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How You Can Make Sure Your Vote Counts

Knowledge is power.

Politics

We have a leader who turns a blind eye to racial injustice, face masks and coronavirus testing and thinks it's OK to blind the eyes of peaceful protesters so he can snag a photo op.

I'll walk barefoot across shards of glass and still stand in a line all night to vote him out of office.

Although standing in line all night is a bit of a stretch, more than a few hours has been the norm for 2020 voting so far. In Kentucky's primaries, there were only 200 polling places statewide, down from 3,700 in the 2018 election. But only one polling place was in Jefferson County this past week, where 600,000 of the registered voters live. Half of Black Kentuckians live there, too.

This is classic voter suppression.

Mary Long / Shutterstock

Georgians faced longer lines than usual earlier this month, also. Furthermore, they encountered ballot shortages, which was a whole other issue across many states. Tens of thousands of voters didn't receive the absentee ballots that they requested. And in Maryland, where all registered voters were supposed to have automatically received ballots in the mail, about 160,000 ballots (or roughly 5% of those actually sent out) weren't even delivered, according to CNN.

And Georgia's new voting machine glitches? Those technical issues probably could've been resolved ahead of time through machine testing and volunteer training had 'Rona not forced stay-at-home orders. Experts say these problems only occurred in our predominantly Black communities so that possibly sounds like another case of voter suppression.

Voting rights groups call the most recent primaries a disaster and a sneak-peek into what'll happen in November, particularly in counties where the majority of residents are not white, if these machine glitches and ballot shortage issues aren't fixed. Add to all of that the health officials' predictions of a vicious resurgence of the 'Rona. This pandemic is turning 2020 into pandemonium!

So, how should we prepare? What do we need to do to minimize wait times in line, protect our health and evict the tenant from the DC mansion that sits along Black Lives Matter Plaza? Here's where to start:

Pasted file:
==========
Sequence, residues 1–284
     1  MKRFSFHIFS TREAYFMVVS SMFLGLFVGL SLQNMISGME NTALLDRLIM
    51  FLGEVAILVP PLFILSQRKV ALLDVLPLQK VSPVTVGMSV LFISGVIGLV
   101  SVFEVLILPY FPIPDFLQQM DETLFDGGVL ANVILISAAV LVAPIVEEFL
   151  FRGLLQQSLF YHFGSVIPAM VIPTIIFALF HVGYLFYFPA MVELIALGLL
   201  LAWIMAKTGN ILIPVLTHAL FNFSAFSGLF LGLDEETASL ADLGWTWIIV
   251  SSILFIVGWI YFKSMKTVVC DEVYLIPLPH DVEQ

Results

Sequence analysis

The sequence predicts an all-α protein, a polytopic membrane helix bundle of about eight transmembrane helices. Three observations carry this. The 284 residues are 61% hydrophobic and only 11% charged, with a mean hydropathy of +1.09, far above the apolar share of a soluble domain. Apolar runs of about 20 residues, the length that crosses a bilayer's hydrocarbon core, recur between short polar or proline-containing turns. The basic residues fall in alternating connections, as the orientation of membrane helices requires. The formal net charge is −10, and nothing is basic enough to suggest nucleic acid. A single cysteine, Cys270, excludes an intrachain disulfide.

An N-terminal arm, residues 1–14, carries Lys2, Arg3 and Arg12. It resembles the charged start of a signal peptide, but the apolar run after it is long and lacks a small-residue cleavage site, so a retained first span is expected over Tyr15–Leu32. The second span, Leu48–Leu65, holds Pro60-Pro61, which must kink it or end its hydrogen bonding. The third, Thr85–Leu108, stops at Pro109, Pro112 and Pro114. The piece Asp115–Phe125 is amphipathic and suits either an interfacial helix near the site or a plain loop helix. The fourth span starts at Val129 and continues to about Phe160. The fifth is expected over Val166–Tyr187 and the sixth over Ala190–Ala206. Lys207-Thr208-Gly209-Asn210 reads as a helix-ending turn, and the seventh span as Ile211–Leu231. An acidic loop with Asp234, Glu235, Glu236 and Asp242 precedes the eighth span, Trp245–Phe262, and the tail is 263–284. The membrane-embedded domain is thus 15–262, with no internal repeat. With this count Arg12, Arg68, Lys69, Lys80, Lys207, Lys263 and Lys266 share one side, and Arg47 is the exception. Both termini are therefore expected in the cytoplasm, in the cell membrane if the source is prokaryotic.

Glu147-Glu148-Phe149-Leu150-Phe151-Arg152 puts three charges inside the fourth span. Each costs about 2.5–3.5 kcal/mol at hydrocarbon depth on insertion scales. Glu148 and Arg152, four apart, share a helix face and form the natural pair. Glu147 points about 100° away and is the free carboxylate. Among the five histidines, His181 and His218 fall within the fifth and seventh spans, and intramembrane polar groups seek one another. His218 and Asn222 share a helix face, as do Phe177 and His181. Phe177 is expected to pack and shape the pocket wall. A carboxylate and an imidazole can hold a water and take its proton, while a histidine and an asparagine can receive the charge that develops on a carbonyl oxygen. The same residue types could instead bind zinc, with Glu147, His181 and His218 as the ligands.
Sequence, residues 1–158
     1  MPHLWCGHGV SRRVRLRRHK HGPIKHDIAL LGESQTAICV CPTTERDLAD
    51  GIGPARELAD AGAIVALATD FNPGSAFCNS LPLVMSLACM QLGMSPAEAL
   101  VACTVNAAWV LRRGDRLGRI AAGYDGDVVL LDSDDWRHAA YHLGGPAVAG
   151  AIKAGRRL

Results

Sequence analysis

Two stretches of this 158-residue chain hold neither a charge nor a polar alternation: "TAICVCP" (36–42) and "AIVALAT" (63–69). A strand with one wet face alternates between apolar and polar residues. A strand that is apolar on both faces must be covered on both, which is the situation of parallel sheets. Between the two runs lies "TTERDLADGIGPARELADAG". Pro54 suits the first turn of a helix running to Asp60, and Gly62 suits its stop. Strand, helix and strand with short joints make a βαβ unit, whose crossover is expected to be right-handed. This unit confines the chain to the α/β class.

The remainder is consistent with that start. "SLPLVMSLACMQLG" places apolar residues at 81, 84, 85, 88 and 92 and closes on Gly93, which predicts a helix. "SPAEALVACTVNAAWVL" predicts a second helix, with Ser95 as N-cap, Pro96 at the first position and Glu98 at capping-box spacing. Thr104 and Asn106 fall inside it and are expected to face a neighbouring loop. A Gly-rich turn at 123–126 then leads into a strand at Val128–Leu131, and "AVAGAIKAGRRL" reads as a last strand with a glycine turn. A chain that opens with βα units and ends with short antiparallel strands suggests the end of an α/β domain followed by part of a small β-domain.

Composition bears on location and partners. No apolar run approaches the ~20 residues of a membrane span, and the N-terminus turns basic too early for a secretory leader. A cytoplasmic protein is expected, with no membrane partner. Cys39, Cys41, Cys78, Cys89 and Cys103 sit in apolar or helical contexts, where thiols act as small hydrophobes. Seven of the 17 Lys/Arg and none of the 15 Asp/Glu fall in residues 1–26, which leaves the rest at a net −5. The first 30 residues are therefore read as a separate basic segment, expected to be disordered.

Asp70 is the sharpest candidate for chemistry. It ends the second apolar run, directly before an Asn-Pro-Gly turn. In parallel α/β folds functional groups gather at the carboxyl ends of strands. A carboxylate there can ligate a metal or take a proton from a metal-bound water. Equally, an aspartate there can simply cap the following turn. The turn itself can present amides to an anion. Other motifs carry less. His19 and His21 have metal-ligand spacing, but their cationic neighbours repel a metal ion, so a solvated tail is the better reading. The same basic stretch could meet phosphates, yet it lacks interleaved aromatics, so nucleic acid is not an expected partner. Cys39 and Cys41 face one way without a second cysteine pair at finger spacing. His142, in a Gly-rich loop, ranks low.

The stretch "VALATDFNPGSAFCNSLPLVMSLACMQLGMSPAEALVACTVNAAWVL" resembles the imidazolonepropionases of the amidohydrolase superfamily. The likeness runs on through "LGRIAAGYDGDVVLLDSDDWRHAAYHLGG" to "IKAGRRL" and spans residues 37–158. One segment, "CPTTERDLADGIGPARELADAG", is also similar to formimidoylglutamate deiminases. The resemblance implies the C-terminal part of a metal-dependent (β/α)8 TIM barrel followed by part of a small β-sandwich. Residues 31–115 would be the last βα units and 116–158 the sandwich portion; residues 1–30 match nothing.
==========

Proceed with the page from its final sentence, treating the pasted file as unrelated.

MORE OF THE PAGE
Make sure you and your eligible loved ones register to vote online.

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It's a fact that everyone who can vote isn't already registered. New voter registration has declined during the quarantine period. States like Virginia saw 73% fewer registrations in April than it did during the same time in 2016, possibly due to the shutdown of the Department of Motor Vehicles where most residents register to vote. And despite being able to register online, Kentuckian registrations also flatlined in April because door-to-door canvassing and in-person registration booths are much more successful. However, online registration is our best option right now.

If you're a regular of Club Quarantine, then you probably attended #CouchParty 2.0 with When We All Vote, co-chaired by our forever FLOTUS Michelle Obama. The organization reached over 100,000 eligible voters during the virtual registration drive in April. Another resourceful site is Vote.org. Both websites keep the registration process simple. Vote.org says it takes less than two minutes.

It's also best to go ahead and register now even though the deadline for the general election is in October. In case you're a procrastinator, you can get the exact date for your state here. But I repeat: Do it today!

Check your voter registration status. 

Nowadays, anything can happen. We might somehow get purged from the voter roll. Or we may arrive at the polling station only for the volunteer to tell us they can't find our name. The devil is a liar, as my cousin often says. There's a link on the When We All Vote homepage that you can click to be sure you're still set to vote before you get to the polls.